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Positive Psychology in Disability: A Spotlight on Wellbeing Therapy

Updated: Mar 11

What is the purpose of positive psychology in rehabilitation and disability? When thinking of rehabilitation and disability, we first think of tedious physical tasks like improving mobility, range of motion, or strength. While that is of primary importance, recent practices in rehabilitation have moved away from focusing solely on the technicalities of pathology and increasing toward human experience.   


Positive Psychology and Rehabilitation  

In the realm of rehab, positive psychology focuses beyond treatment issues or adapting to the disability – it has the power to capitalize on individual psychosocial strengths to maintain or enhance psychological and physical wellbeing and help prevent deterioration of the pathology. Rather than focusing on symptoms and deficits, positive psychology emphasizes individual strengths, resilience, and the pursuit of fulfillment.   


Clinicians and rehabilitation professionals can aid with positive psychology by finding ways to promote a primary sense of perceived control by helping find aspects of individuals’ behavior or environment that can be altered. For example, if an athlete who had previously thrived on competing in sports cannot return to play, finding a competitive outlet in another activity can help manage a positive psychosocial outlook.  


What is Wellbeing Therapy?  


Wellbeing therapy is a branch of psychotherapy in positive psychology that prioritizes holistic wellbeing rather than symptom reduction. It emphasizes self-awareness, self-acceptance, and the cultivation of positive emotions.  


Wellbeing therapy (WBT) is a structured, problem-oriented psychotherapeutic strategy that extends over 8-12 sessions, occurring weekly or biweekly. The therapist aims to help move the patient from an “impaired” state to an “optimal” state within six dimensions of psychological wellbeing (discussed below). Instead of obtaining the highest possible level in each dimension, the goal is for individuals to find optimal balance in domains that are relevant to them. Optimal balance varies from person to person and depends on individual personality traits, social rules, and cultural and social contexts.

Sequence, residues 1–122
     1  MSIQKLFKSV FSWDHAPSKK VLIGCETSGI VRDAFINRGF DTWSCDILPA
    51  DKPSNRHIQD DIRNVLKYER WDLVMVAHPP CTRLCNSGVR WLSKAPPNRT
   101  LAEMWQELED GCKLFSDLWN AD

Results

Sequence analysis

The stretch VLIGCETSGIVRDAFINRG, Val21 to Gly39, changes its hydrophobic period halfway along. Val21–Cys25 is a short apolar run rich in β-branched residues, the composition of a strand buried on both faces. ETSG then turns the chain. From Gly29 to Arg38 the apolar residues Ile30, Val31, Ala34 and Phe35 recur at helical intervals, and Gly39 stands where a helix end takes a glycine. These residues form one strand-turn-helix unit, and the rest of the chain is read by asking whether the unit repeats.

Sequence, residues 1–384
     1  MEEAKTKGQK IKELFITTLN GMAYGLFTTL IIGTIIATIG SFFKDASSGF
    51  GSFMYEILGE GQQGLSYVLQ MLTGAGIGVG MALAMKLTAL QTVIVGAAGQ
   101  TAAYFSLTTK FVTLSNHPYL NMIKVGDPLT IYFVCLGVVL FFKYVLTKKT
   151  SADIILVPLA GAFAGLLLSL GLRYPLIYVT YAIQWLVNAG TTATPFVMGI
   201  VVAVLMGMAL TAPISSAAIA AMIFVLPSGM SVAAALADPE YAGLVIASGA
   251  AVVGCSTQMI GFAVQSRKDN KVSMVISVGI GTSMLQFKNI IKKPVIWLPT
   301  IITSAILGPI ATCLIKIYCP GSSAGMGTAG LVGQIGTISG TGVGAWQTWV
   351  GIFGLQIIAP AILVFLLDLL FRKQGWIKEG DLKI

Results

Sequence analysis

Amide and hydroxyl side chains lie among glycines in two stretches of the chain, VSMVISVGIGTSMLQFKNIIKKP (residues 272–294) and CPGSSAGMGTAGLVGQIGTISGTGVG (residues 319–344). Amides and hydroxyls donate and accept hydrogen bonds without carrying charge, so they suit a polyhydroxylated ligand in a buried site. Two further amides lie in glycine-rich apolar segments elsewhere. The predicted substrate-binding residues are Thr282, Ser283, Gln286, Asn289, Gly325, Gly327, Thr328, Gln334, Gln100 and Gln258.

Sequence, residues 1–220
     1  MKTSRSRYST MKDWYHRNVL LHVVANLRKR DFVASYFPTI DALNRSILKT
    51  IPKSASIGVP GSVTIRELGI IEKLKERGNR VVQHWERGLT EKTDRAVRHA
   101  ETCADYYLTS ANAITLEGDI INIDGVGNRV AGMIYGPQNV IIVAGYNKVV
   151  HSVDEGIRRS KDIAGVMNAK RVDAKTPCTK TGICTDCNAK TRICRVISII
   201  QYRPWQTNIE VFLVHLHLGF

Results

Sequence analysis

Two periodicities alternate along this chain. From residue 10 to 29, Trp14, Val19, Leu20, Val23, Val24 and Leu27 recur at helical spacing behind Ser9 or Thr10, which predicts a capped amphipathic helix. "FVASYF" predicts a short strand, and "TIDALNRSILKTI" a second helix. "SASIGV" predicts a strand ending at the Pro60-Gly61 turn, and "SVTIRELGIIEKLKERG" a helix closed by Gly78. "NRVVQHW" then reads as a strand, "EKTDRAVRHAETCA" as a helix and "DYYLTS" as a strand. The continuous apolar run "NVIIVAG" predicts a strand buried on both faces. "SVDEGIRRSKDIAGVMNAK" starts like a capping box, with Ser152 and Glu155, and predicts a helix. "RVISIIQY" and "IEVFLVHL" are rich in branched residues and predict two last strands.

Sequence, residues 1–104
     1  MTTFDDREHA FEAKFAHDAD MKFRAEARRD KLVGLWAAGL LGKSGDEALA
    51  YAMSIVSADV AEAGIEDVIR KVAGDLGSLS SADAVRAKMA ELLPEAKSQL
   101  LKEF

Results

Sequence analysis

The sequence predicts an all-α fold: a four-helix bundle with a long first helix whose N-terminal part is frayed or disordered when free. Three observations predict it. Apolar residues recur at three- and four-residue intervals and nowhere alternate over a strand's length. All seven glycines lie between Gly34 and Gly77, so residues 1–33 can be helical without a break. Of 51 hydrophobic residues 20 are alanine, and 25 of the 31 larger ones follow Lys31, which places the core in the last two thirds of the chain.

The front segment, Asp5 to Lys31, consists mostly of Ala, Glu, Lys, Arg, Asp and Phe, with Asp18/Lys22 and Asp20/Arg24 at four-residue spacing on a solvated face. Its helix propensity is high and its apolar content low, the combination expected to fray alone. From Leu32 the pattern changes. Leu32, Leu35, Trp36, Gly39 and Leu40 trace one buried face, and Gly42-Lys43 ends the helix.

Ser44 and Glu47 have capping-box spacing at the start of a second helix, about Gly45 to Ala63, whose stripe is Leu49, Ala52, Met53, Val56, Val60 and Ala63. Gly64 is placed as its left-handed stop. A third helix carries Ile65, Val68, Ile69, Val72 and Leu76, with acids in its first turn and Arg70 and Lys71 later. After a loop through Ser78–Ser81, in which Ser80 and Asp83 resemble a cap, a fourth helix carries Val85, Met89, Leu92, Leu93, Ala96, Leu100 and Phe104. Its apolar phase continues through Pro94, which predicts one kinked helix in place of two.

The Six Dimensions of wellbeing by Carol Ryff:  


  • Self-Acceptance: Being able to see and accept one’s strengths and weaknesses  

  • Purpose in life: Having goals and objectives that give life meaning  

  • Personal Growth: Feeling as though one’s talents and potential is realized overtime  

  • Positive relations with others: Having close and valuable connections with others  

  • Environmental mastery: being able to manage the demands of everyday life  

  • Autonomy: Feeling as though one can have self-determination and the strength to follow personal convictions, even if they go against conventional norms.   



Some Other Ways to Practice Wellbeing  

There are also other active strategies to practice positive wellbeing. 


Gratitude exercises: Gratitude serves as an antidote to negativity. It helps to reflect on blessings and express appreciation for things that are present, rather than missing. This can be practiced by writing it down or simply reflecting on such thoughts.  


Strength utilization and assessment: Identify and leverage personal strengths in daily life to acheive greater fulfillment and satisfaction, rather than focusing on an activity or limitation beyond your control. 


Positive affirmations and visualization: Such practice can help re-frame negative self-talk and stimulate the imagination in a safe, encouraging and positive mental space. Overtime, positive self-talk can become the “default”, leading to a happier and satisfying outlook on life.  



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